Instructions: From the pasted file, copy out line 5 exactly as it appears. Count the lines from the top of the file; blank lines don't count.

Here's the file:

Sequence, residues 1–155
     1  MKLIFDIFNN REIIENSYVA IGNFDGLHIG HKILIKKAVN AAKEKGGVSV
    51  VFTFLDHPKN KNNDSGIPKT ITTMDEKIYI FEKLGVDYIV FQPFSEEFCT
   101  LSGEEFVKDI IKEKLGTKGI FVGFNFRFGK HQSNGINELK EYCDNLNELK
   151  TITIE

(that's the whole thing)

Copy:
   151  TITIE